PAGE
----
The consumer driven economy of today is a direct result of canny advertising and marketing strategies. Here are a few tricks retailers use to captivate your attention.
The next time someone calls you a spendthrift just blame it on the retailers and their advertising strategy. Retailers and e-retailers have some clever tricks up their sleeves which makes people spend. But, the magic is lost once you know the trick. You are no more awed or amused.
The consumer driven economy of today is a direct result of canny advertising and marketing strategies. But consumerism may not always work in your favour. There are too many cool and funky things out there in the market that you do not need, but are encouraged to buy. We understand it’s not easy to fight the irresistible pull of shopping; so we’ve decided to unveil the tricks retailers use to captivate your attention.
Once aware of these tricks, you can flash an all-knowing smile and walk away without spending your hard-earned money.
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Use A Decoy
When you are going through products in a store you probably first check the price tag. You tend to look for something nice that’ll fit your budget. But do you really know what your budget is? Most people do not come with an amount in mind. They usually just have a rough idea. This works in the favour of retailers. They place products of differing prices next to each other to makes you feel like you bought something expensive for a bargain.
For example, if three items priced for Rs. 1,000, Rs. 1,500 and Rs. 2,000 are placed next to each other, you are most likely to pick the item costing Rs. 1,500. The three different prices act as a diversion to make something expensive look economical.
The next time you are out shopping, look out for decoy pricing. You’ll find this trick widely used in menus at restaurants.
Are you in the habit of picking up packs of chewing gum and chocolates while waiting your turn at the billing counter? This is a marketing gimmick to make you spend. In fact, these little pocket-friendly items have been intentionally placed next to the billing counter.
Exhausted from shopping, you are quite likely to indulge in these treats. Nobody thinks of exercising self-control at this time. They’re just there to entice shoppers to part with a little extra money.
It’s the feeling of being lost in big stores. Didn’t think this lost feeling will make you purchase stuff, did you? Interestingly, it does. This phenomenon of ‘shopping under the feeling of being lost’ is named after the architect Victor Gruen, a man credited with the task of designing ginormous malls.
So, what’s the deal here? Well, when you are lost, you tend to spend more time in the store figuring out how to get out. This puts you under stress, which in turn makes you impulse shop. Moreover, as you move between alleys and towers of products over and over again a sense of familiarity settles in.
Prices which made you raise your eyebrows once don’t seem all that threatening any more. This strips you of your pricing inhibitions and makes you dip into your wallet again.
Ditch The Bag
The moment you set foot inside a store what’s the first thing you are treated to? Usually, a welcome note. What’s next? A shopping bag. Yeah, a big shopping bag. But how is that a trick? Isn’t it convenient and really sweet of the stores to hand you one?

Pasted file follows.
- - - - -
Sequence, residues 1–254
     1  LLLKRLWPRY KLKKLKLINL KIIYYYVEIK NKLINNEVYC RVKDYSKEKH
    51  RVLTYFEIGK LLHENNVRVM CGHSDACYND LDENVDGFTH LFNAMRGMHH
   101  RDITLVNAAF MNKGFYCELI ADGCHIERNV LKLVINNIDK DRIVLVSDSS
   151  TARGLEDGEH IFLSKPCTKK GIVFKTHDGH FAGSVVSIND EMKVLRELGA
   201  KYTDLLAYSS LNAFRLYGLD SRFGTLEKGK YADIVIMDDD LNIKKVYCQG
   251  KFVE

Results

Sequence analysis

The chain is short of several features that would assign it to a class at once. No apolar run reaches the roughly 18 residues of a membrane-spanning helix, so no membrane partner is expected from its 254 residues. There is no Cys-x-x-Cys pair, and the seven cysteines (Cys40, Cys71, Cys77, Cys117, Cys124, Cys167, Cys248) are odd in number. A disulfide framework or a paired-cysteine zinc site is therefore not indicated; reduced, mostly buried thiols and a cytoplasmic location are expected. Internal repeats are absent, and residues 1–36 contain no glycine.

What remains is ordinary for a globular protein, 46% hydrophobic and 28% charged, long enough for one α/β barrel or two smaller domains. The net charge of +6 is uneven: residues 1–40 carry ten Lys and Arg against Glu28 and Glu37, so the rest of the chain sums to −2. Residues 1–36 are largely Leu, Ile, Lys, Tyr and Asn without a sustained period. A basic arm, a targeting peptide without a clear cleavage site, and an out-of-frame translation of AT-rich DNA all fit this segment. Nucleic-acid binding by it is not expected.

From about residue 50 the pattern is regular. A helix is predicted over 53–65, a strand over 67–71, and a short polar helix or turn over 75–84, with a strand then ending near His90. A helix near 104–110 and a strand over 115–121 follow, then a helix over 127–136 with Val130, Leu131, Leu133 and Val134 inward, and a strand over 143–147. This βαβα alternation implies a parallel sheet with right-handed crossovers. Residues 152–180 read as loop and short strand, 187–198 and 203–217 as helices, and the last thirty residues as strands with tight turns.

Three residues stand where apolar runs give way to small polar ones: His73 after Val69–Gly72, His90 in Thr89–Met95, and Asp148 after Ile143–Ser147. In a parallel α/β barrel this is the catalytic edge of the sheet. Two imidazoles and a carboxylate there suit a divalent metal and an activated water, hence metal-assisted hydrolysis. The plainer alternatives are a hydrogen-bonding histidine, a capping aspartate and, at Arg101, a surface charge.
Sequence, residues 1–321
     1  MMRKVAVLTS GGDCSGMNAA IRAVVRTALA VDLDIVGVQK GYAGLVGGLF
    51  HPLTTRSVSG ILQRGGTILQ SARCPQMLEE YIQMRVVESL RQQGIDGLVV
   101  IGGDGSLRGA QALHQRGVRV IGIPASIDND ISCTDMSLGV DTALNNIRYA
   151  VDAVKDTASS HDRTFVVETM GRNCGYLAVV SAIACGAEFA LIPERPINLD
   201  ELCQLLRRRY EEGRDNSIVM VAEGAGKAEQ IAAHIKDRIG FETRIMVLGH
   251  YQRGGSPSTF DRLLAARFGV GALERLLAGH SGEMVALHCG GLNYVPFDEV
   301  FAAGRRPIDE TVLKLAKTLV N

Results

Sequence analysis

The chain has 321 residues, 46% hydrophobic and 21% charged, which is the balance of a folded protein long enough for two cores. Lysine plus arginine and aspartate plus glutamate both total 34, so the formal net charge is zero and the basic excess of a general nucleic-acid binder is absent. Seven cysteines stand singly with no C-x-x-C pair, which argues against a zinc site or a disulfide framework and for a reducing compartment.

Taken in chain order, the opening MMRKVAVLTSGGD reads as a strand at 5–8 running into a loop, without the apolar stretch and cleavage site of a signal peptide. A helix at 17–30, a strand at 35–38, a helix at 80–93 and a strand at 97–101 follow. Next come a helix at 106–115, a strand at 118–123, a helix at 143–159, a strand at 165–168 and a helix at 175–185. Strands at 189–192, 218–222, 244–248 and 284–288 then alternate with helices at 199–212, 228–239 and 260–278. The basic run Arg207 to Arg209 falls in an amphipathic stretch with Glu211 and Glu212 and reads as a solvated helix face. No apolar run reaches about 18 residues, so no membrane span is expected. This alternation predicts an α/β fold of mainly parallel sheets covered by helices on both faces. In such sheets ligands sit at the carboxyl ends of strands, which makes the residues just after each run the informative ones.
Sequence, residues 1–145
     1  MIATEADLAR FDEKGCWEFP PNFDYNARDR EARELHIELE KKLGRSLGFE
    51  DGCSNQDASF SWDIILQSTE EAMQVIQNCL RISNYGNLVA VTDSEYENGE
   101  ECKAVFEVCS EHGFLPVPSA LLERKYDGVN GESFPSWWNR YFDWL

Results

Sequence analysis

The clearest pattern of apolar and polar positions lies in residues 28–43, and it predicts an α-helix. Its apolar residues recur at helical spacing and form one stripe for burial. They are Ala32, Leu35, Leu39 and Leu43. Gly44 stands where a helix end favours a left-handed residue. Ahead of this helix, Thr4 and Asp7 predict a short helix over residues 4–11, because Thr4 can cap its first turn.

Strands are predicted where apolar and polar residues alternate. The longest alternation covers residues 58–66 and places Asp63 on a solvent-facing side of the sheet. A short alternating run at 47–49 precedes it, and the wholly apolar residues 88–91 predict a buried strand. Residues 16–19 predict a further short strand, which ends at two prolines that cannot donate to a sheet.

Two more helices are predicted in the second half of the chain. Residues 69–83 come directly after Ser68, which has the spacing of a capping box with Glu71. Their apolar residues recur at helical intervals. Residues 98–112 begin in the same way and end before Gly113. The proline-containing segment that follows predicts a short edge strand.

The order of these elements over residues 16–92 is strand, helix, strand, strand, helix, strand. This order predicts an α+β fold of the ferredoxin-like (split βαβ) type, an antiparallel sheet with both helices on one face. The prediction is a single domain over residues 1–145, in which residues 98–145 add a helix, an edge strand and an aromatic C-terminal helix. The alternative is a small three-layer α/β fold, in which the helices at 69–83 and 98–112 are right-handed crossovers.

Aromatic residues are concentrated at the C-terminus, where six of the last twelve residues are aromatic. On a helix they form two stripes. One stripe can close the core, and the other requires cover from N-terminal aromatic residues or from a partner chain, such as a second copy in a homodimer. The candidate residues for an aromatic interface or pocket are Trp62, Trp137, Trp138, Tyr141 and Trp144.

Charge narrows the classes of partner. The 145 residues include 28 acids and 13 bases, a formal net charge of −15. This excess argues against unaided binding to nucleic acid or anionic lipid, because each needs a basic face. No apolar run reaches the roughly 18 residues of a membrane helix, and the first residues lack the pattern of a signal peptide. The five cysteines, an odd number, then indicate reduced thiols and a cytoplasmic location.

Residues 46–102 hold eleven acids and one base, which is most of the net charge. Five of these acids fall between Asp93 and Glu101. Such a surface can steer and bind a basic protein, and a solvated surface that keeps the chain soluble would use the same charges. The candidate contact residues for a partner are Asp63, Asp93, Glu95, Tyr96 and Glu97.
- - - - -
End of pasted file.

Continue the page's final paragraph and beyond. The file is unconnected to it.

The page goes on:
Well, this empty bag is full of clever tricks. Holding an empty bag makes you buy more. It’s the idea of filling it up. Also the longer you hold the bag, the deeper your bond with it and hence more time you spend in the store. By the end of your shopping sprint it feels a little bad giving that bag away.
Do we need to tell you what you must do next time? Never take that shopping bag. If you see a store assistant walking towards you with a smile and a shopping bag, do an about turn and run. Hide behind the mannequins, but don’t take the shopping bag. Use your two strong arms to hold all the items you want. Once your mobility is weighed down you’ll automatically purchase limited things.
Big Denomination Scare
Is it easier to part with a Rs. 500 note or a Rs. 1,000 note? Of course the smaller amount. Gives you the feeling that you are spending less. Well, the retailers know this. How do they exploit this cognitive behaviour? They stock cheaper products in large numbers rather than stocking high value items.
When you buy cheaper things you don’t really feel the pinch of shopping and spend more. Go back to the second point – strategic placement. All those items at the check-out counter are tiny and easy on the pocket.
Do you have a friend who can shop all he/she wants in 30 mins flat while you need one day to window shop, one day to decide and another entire day to make the purchase? Long-form shopping works fine with brick and mortar stores, but it is not a good practice to follow online.
Why? Because e-retailers watch you while you browse their website. They study your pattern and behaviour and can predict what you buy and when you will it. That’s their job – predictive analysis. However, retailers often ramp up the prices of products if a person spends a long time on their website and drop it for those who just make a quick pit stop.
If quick purchases are not your thing then you should browse in incognito mode and remove all your cookies. This will prevent retailers from following you around and changing the prices of products. Now you can browse at your own pace.